Breonna Taylor’s story is one that has become all too familiar in this country: An unarmed black person killed at the hands of police. In the months following the murder of Breonna Taylor, protests erupted throughout the country calling for justice and an immediate end to systemic racism. In Taylor’s case, many of the protests were fueled by the lack of punishment against the three officers who shot her. Officers Jonathan Mattingly, Brett Hankison and Myles Cosgrove remained free, and only Officer Hankison was fired from the force. The lack of action taken against the officers is unjust and has sparked insurmountable outrage in the media and streets. The nation demanded justice for a woman who was murdered in her sleep by the people who were sworn to protect her.
On Sept. 23, the grand jury charged former officer Brett Hankison with three counts of “wanton endangerment,” for the shots that went into the neighbor’s walls, potentially endangering them; no officers were directly charged with her death. In other words, Hankison was only charged for the shots that he missed.
On Friday, Oct. 2, Kentucky Attorney General Daniel Cameron released the tapes from the grand jury hearings. Cameron was ordered to release the tapes by Judge Ann Bailey Smith of the Jefferson County Circuit Court, after jurors complained that he was putting the blame for the results on them and not taking accountability, according to The New York Times.
The information gathered from the released tapes revealed that the night of Taylor’s killing was complete and utter chaos. The officers claimed on the tapes to have announced themselves multiple times before using a battering ram to bust the door open.
CNN reported that Sgt. Mattingly specifically said that they “banged” on the door at least six times and announced themselves before entering. Mattingly was shot by Taylor’s boyfriend Kenneth Walker, who thought he was an intruder. Mattingly fired back after being shot.
Walker, however, recalled no such announcement and stated that there was no response from the officers when he asked who was at the door. Walker said the couple was “scared to death” upon hearing the knocking outside the door in the middle of the night. Jurors also heard testimony from three additional officers who reported hearing the officers announce themselves before entering.
CNN reported that Detective Cosgrove, who fired the shot that killed Taylor, sounded extremely confused during the raid, as he described seeing “vivid white flashes...and blackness at the same time.” He then stated he was “almost positive” he fired in the midst of the aforementioned “flashes.”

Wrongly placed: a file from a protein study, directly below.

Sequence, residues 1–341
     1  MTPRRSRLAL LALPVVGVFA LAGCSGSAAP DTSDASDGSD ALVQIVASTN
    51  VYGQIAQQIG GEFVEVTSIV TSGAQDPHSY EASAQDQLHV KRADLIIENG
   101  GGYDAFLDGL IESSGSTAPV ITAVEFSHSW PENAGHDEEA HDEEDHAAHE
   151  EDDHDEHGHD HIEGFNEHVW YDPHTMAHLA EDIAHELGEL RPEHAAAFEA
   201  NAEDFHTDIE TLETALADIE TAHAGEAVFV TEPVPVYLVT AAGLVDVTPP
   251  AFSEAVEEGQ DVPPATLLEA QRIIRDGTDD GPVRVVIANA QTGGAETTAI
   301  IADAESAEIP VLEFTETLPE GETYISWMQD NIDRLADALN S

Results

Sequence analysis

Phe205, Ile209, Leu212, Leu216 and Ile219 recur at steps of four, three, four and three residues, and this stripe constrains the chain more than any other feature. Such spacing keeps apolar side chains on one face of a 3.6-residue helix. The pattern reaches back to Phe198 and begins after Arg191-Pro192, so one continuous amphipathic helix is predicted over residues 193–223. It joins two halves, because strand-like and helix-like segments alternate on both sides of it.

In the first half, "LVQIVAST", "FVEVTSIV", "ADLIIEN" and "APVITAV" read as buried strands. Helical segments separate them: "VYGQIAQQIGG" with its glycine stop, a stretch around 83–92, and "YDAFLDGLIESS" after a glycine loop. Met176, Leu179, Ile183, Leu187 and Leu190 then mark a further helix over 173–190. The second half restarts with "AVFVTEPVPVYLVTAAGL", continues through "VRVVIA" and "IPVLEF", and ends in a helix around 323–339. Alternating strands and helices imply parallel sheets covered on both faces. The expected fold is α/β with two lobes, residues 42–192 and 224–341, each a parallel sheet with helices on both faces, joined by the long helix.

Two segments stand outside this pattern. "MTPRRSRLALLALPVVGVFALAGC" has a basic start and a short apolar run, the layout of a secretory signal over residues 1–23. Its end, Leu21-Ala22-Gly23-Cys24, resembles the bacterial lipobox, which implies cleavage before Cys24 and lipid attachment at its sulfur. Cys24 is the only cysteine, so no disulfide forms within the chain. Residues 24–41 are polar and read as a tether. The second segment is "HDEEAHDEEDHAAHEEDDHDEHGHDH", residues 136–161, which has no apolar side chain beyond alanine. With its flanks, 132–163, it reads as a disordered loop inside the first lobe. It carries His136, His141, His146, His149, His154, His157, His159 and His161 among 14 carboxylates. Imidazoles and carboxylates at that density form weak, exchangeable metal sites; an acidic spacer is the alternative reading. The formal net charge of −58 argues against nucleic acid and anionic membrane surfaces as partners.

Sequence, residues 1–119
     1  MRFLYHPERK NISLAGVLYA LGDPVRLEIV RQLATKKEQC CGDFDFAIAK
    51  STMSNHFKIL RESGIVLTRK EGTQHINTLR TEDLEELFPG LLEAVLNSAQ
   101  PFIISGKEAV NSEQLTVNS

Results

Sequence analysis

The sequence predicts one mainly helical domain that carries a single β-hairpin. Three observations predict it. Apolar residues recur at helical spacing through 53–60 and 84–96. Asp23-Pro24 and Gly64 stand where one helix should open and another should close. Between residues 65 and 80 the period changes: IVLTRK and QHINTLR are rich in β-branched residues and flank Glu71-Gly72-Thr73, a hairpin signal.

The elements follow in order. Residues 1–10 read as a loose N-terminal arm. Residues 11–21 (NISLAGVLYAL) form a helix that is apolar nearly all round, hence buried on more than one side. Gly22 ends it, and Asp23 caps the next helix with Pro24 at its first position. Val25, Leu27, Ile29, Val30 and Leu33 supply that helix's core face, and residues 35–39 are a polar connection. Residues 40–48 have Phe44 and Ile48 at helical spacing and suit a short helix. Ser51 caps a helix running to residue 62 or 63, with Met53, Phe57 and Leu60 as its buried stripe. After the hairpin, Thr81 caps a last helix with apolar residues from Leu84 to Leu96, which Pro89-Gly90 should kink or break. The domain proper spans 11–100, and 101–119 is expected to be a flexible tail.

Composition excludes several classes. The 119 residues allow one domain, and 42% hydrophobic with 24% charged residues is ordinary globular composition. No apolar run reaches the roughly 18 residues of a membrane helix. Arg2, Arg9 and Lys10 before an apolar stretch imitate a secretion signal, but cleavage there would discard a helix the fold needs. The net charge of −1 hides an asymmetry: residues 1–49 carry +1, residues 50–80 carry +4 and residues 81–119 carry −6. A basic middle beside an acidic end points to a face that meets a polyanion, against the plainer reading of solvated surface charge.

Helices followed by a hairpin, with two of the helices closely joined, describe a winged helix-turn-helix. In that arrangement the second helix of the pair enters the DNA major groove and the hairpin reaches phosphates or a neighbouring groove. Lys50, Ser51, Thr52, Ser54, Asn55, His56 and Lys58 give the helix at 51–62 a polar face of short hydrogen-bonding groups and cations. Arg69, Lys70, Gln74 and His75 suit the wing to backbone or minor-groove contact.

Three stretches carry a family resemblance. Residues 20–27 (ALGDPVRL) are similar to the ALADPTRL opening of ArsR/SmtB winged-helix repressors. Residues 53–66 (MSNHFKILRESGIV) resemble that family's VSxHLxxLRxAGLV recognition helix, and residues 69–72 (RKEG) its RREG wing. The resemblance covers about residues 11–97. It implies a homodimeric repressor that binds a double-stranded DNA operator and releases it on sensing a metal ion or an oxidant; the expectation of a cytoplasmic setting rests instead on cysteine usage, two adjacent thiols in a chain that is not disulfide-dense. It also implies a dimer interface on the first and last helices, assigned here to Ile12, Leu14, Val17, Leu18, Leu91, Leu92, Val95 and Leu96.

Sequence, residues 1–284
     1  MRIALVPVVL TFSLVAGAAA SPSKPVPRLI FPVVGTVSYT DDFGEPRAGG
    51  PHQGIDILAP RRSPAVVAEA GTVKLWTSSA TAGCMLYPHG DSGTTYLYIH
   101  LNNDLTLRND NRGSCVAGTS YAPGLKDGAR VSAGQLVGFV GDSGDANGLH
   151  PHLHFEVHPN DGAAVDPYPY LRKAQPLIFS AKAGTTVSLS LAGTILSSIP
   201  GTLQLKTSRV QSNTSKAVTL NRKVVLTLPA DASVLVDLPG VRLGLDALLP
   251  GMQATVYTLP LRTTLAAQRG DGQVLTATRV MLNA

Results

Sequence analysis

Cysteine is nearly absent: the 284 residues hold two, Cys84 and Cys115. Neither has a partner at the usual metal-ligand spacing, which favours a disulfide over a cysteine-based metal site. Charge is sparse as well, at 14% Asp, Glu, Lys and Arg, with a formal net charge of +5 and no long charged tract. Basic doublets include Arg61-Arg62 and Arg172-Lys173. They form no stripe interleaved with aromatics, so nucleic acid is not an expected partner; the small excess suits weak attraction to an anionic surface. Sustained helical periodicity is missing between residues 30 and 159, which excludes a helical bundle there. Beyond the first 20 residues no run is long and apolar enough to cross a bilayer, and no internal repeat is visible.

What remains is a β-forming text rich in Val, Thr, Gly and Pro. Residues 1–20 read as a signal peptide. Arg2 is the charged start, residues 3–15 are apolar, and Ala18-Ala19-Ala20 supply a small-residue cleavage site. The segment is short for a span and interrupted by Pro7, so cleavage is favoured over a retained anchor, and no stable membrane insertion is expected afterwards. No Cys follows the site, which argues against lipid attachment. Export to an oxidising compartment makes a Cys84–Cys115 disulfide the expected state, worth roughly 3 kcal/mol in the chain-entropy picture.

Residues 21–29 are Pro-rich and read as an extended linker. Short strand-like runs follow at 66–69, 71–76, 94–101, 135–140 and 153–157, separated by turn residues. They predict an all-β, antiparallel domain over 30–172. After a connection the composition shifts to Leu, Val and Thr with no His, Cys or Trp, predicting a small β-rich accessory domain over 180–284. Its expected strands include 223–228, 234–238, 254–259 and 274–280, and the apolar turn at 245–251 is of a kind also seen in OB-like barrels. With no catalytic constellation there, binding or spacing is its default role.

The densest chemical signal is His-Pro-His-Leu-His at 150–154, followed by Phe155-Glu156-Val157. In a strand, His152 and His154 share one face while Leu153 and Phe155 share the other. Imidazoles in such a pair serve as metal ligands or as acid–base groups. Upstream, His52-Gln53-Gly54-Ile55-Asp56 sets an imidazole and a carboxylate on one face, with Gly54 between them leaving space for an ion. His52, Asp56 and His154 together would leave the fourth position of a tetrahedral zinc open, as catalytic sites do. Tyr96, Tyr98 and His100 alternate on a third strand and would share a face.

The tapes revealed a disorderly scene, to say the least, and numerous inconsistent accounts of what exactly transpired.
Perhaps the most perplexing part of the tapes being released is that they did not include prosecutor recommendations or juror deliberations. Prosecutor recommendations include statements about whether or not officers should be charged in the case and what they should be charged with. On the report of The Washington Post, Attorney General Cameron stated that he had not recommended homicide charges towards officers Cosgrove and Mattingly. He went on to say that jurors had the liberty to indict on charges they saw fit, regardless of the recommendation of prosecutors. The Washington Post also claimed that this particular unreleased portion of tape may hold vital information which could provide much-needed insight as to how Attorney General Cameron’s office handles Ms. Taylor’s case.
While the events of the night of Breonna Taylor’s murder are not clear, one thing is: The justice system has failed once again, and systemic racism continues to corrode our society. Attorney General Cameron’s questionable behavior shows just how corrupt the justice system is and how, now more than ever, we need leaders who will fight for equality and equity for every single human being. Breonna Taylor was robbed of a long, happy life, and we need to keep fighting for the justice that she so rightfully deserves.